"A weed is simply a plant that you don't know what to do with."
Sadly, over the years I've lost two cats to feline lower urinary tract disease (FLUTD), and our current male housecat has also had a minor run-in with this condition. Interestingly, all three cats were neutered orange tabby males, although I don't think orange cats are more prone to this problem.
I've just now - today - found an herbal treatment for both felines and humans with urinary problems.
FLUTD usually affects neutered male cats who live indoors and use a litterbox. Symptoms include frequent and/or painful urination, blood in the urine, and excess grooming of the area. In severe cases, some cats have such a build-up of bladder crystals that the urethra becomes blocked and they cannot urinate. (This is what happened to my cats, many years apart. If your cat shows these symptoms, it must treated as an emergency and the animal must be seen by a veterinarian as soon as possible.)
Cleavers has long been recognized as a diuretic herb which cleanses the body of toxins, sending them back into the bloodstream to be cleansed by the liver and kidneys. Cleavers is used to treat bladder and kidney stones in humans. It can be used as a long-term aid in cats with FLUTD and perhaps also those with low-grade kidney infections, although I didn't find any directions for administering the herb to cats.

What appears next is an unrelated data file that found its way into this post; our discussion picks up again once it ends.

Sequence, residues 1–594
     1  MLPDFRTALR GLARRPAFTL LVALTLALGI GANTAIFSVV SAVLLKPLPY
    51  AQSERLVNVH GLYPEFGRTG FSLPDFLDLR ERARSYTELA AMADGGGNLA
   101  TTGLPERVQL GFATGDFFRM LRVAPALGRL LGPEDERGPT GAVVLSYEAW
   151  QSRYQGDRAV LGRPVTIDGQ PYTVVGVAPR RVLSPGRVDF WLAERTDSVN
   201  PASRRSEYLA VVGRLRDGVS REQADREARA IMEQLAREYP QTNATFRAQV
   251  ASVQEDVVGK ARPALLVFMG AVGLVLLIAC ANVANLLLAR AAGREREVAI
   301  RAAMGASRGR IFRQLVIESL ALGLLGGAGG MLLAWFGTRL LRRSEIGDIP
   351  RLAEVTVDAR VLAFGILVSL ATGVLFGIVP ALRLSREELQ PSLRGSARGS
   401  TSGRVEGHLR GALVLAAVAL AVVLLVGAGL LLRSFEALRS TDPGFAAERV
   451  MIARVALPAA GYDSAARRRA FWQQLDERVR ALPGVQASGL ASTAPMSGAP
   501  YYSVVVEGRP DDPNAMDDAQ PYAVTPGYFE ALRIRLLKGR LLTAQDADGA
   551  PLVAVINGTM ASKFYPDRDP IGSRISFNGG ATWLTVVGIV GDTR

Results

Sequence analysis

Cleavers is also said to be an appetite depressant and anti-inflammatory. Some believe it will also fight cancer by detoxifying the body.
You don't have to go looking for cleavers, it will find you. The stems are covered with tiny hooked bristles which grab onto just about anything that passes by. It will stick to your clothing, to animal fur, and to other vegetation as it grows. It is easily identifiable: if you touch the plant, it will feel "sticky". If you forage cleavers, carefully remove any debris that clings to the plant; it's much harder to clean when the plant material has dried.
The cleavers stems are square, similar to henbit and mint. The whorled leaves are narrow and are attached to the stem in clusters of six or eight. The white flowers are quite tiny, growing in small clusters.
The leaves are edible and can be eaten in salad like spinach or added to soups. The dried or roasted seeds are said to be a good substitute for coffee.
Other posts in this series:
How to Harvest Yarrow
DIY Herb Field Guide
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